Giuseppe Tornatore | 2hr 53min
Cinema Paradiso bleeds the sort of pure, unassuming love of film that greater movies may have tackled with keener self-reflexivity and more ambitious visual artistry, and yet Giuseppe Tornatore’s majestic coming-of-age tale nevertheless inspires an intoxicating sentimentalism which erodes all traces of cynicism in even the harshest critics. The childhood of his surrogate character, Salvatore Di Vita, is partially defined by those moving images that flicker across the giant screen in his tiny Sicilian town, ranging from the Hollywood westerns of John Ford to the arthouse fare of Federico Fellini. Within that darkened movie house, virtually every facet of his identity is born – the vibrant cinematic worlds that inspire his imagination, the communal gathering of odd townsfolk in the audience, and even his first sexual experiences on the floor of the theatre make the establishment a landmark for many personal milestones. Most significantly of all though, it is the friendship that he forms with Alfredo, the middle-aged projectionist, that marks his sentimental memory most deeply, evoking a nostalgia for the days they spent in his tiny room up the back playing movies for the village of Giancaldo.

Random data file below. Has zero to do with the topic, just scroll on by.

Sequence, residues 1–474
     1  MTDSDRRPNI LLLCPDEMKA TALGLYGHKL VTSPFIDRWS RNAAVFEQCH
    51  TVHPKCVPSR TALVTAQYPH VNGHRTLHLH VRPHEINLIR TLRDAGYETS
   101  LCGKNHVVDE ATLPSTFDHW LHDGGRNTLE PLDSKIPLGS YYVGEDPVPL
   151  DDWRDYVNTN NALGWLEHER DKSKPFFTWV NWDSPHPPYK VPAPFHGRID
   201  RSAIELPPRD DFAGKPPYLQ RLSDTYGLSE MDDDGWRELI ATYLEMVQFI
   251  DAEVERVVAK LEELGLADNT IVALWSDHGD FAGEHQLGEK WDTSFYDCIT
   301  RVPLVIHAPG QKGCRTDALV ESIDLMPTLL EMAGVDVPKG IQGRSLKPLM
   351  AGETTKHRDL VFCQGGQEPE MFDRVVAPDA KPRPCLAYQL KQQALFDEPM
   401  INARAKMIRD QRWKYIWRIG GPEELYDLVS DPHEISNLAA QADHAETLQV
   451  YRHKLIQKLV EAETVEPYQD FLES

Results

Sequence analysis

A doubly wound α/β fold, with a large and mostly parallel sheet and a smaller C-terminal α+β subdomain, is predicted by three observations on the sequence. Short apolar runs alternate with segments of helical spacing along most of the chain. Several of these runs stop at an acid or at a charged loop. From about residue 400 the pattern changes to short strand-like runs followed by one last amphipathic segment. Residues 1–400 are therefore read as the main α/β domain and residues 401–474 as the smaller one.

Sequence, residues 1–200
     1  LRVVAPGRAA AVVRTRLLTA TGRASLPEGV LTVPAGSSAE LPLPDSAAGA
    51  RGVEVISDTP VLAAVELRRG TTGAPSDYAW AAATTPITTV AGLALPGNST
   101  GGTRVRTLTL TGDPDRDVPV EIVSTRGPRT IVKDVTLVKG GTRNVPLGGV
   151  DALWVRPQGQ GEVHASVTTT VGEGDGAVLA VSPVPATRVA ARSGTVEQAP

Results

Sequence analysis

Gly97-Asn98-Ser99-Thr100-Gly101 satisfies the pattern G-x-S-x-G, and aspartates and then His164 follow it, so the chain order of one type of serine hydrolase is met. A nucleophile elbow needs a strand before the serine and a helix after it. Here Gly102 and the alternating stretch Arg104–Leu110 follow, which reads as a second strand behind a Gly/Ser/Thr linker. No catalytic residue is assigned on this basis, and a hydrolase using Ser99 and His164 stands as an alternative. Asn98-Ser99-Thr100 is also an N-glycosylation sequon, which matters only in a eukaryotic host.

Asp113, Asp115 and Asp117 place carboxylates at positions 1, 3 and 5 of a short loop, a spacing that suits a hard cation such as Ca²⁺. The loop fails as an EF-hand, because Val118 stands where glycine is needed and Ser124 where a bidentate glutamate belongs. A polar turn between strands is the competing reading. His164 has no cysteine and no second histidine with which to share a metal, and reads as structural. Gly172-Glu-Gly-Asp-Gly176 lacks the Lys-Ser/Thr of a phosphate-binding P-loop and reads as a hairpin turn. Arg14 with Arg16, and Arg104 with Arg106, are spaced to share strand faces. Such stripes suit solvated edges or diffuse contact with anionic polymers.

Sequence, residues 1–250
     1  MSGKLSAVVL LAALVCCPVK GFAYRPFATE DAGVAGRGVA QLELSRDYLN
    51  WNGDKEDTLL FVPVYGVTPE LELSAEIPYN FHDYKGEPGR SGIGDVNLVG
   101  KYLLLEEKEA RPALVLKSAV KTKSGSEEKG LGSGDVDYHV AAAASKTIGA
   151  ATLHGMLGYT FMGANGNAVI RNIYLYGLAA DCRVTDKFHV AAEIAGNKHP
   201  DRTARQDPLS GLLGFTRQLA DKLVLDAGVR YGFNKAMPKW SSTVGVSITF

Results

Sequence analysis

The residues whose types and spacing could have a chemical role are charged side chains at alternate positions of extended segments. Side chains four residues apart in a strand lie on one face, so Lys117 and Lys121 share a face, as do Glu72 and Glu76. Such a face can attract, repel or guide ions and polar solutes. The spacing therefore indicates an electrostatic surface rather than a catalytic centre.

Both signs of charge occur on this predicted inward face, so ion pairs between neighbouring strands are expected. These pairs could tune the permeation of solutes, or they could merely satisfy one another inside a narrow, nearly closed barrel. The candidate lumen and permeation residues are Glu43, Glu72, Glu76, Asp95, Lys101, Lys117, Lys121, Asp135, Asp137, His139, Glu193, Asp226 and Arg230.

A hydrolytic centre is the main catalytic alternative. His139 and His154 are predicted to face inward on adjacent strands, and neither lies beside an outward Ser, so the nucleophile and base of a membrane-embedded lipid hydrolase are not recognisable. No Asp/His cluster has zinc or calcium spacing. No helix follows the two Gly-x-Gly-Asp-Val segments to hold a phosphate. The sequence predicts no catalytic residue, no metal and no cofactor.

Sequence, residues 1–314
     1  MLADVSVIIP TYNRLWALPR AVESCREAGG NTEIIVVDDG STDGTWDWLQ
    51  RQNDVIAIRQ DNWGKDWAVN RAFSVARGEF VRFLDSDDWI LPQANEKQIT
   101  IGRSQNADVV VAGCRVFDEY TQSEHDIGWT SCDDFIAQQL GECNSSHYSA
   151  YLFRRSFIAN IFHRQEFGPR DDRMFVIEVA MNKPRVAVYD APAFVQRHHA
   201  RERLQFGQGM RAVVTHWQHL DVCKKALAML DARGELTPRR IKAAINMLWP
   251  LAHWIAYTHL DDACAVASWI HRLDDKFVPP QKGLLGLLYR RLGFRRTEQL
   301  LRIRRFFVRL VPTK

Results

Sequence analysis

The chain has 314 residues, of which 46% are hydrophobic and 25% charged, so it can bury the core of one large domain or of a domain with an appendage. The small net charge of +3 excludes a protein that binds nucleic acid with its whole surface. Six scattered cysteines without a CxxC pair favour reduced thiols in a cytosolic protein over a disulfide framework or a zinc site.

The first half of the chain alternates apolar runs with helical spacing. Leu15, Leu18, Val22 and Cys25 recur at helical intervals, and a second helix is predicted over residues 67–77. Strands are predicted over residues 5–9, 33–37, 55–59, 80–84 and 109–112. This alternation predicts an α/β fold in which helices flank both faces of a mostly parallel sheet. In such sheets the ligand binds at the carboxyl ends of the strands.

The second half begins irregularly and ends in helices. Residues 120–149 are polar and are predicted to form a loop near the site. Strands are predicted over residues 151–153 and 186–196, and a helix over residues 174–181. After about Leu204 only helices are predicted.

In the present day, Salvatore is a famous film director, emotionally cut off from his hometown, though still affectionately remembered there as Toto, the sweet but troublesome projection assistant. Cinema Paradiso’s extended childhood flashback dominates the film like a more innocent version of Once Upon a Time in America, as Tornatore sweeps us into a long-gone era similarly distinguished by Ennio Morricone’s light, fantastical score of flutes, eventually swelling into a full, grand orchestra. Much like the movies that Toto joyfully escapes into, Cinema Paradiso’s narrative becomes a fable of escapism, drifting along on waves of vignettes that progressively reveal the pieces of history intrinsically embedded in the man he is today. Some romantic flourishes of style in Tornatore’s dreamy camerawork gliding across packed audiences and the fantastical roaring lion head sculpture through which movies are projected do well to carry a delightful charm through these scenes, though for all its sentimentality, this is not a film that possesses the same cinematic grandeur as its artistic inspirations.
Still, this is not to suggest that Cinema Paradiso lacks emotional punches in its epic, decade-spanning narrative or rich characterisations. The town square that the theatre sits on is frequented by one raving homeless man who claims the territory as his own. Light tension builds in scenes highlighting the local priest who sits in the theatre ringing a bell at any sign of intimacy, forcing Alfredo to censor the reel of its lewdness. Most movingly of all, Alfredo himself is revealed to be a truly selfless character, paying back Toto’s entry fee to save him from getting in trouble from his mother, and eventually teaching him how to work the projector itself.